That's not a figurative title this morning. We'll get back to my regularly scheduled programming of Feminism, Gardening and Politics later, but this is just too cool to leave unmentioned.
Last night after a full day of NFL viewing, Mr. D came to bed and opened a book. I was already tucked in, reading Love Walked In by Marisa de los Santos (Thanks, Diane, I'm LOVING it, BTW). We lay in companionable silence, turning pages and I was grateful that Mr. D was leaving his new BFF, the TV remote, alone. But the temptation to check scores is a strong force for a man in 4 fantasty football leagues. Plus there was a baseball game on another channel. As he surfed, he came to PBS and exclaimed, "I love this show!"
I looked up and saw a man sawing logs in the woods. In simple, sparse language, Dick Proenneke narrated his life in the Alaska Wilderness. No whack-job like Chris McCandless, Mr. Porenneke retired in 1967 at the age of 50 and spent the summer finding a spot at Twin Lakes in Alaska to build a cabin. Using only hand tools, he built a log cabin. I watched with fascination as he whittled and worked his way around a log--taking an hour to fashion a wooden spoon for making hotcakes, a couple hours to build a sled which he used to carry meat across the snow-covered lake in the winter.
With only the basic necessities, Mr. Proenneke spent his days enjoying the wildlife, taking time off to hike and explore when he wasn't engrossed in the labor of making his home. (I mentioned he was not a whack-job, he commissioned a plane to bring him supplies on a regular schedule. There's a difference between living off the land and living in the wilderness.) He built an outhouse. He built a fireplace. By digging a hole in the ground, lining it and capping it with a coat of moss, he built a refrigerator. With a fishing rod, a shotgun and a small garden plot, Mr. Proenneke had daily sustenance.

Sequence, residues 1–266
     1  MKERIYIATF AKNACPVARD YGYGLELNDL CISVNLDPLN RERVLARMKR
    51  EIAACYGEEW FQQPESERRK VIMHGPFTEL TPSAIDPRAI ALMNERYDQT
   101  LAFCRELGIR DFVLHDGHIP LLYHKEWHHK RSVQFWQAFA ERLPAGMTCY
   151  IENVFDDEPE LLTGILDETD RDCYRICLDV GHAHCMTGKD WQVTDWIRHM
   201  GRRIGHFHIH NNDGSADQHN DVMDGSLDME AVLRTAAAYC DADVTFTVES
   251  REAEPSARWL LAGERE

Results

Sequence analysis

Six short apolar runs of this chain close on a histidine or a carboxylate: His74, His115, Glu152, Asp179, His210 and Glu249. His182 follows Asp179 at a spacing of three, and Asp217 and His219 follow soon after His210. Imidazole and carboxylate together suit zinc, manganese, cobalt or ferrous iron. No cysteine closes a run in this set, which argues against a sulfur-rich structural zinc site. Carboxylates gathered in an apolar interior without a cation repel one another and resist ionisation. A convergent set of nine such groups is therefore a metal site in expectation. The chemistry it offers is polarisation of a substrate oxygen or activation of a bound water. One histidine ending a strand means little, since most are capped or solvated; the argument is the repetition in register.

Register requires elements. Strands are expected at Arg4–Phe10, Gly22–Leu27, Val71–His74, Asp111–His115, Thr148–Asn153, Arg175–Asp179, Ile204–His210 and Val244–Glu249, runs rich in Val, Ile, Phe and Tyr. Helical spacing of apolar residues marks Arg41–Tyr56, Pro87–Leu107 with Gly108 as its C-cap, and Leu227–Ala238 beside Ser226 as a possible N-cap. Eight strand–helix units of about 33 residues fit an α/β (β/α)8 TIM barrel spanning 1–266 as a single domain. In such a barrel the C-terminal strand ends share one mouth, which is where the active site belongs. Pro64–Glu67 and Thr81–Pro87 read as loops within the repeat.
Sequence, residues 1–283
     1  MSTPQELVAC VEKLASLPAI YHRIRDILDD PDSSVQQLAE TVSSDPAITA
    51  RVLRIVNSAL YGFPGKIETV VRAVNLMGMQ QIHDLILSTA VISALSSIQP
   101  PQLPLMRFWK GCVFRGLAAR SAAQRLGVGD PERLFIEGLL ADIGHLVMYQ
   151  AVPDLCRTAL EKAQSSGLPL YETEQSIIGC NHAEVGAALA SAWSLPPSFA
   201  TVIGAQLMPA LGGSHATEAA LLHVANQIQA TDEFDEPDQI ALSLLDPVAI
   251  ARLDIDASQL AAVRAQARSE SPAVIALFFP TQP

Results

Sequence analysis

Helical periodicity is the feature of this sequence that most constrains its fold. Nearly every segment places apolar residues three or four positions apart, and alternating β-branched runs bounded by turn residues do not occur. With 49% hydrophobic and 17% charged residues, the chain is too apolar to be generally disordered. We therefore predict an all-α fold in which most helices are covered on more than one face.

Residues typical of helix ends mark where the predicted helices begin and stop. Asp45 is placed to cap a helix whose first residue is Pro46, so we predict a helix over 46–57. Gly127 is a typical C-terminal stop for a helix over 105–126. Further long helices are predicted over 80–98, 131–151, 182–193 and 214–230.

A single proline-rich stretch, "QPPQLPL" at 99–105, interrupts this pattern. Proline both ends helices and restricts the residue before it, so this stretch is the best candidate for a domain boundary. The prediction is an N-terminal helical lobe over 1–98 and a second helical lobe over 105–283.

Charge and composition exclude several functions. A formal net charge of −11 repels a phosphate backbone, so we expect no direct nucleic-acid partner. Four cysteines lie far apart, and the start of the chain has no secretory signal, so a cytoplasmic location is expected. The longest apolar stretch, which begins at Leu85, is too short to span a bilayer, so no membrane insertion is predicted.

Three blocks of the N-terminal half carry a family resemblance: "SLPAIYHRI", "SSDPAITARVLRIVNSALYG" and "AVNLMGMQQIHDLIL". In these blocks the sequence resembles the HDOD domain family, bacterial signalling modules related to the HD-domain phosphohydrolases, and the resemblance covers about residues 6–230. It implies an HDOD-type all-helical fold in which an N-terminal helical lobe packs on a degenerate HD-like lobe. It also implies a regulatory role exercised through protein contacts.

I was charmed by this bachelor wilderness man--in his grey trousers and brown jacket, he climbed up mountains with the dexterity of a mountain goat. It was hard to believe he was in his sixties. I'd have loved a chance to meet him, talk to him over coffee or take a long hike with him in the mountains--he died in 2003, so that's never going to happen. Lucky for me, a film crew followed his life, taping the cabin's construction, the wildlife Mr. Proenneke encountered, the changing seasons. In glorious Technicolor, without soundtrack, stuntmen, fancy editing or script, this documentary was peaceful and inspiring.
As I battle a tendency to recluse myself, I envied this man's life. Nothing dominated his schedule except the chores essential to his survival. His calendar recorded temperatures and observations of the land and creatures around him--no meetings, appointments or other distractions. Like Thoreau, I long for a quieter place "to live deliberately, to front only the essential facts of life, and see if I could not learn what it had to teach, and not, when I came to die, discover that I had not lived." Mr. Proenneke lived that life and it was my pleasure to watch part of it.
To a greater degree than most of us ever do, Dick Proenneke checked out. The rest of us do the same thing in smaller ways, we bike a few miles along a country road, camp a few nights in a tent or RV in a state park, hike in a woods--but we return to the chaos of modern life. Alone in the Wilderness inspires me to pursue a quiet life more intentionally--a life unplugged with room for a surprise encounter with a wolverine or lengthy contemplation of spring wildflowers. (Okay, probably not going to see a wolverine in Wisconsin, but maybe a badger or woodchuck.) Check it out, Alone in the Wilderness, a one-man show that will surely amaze and astound you.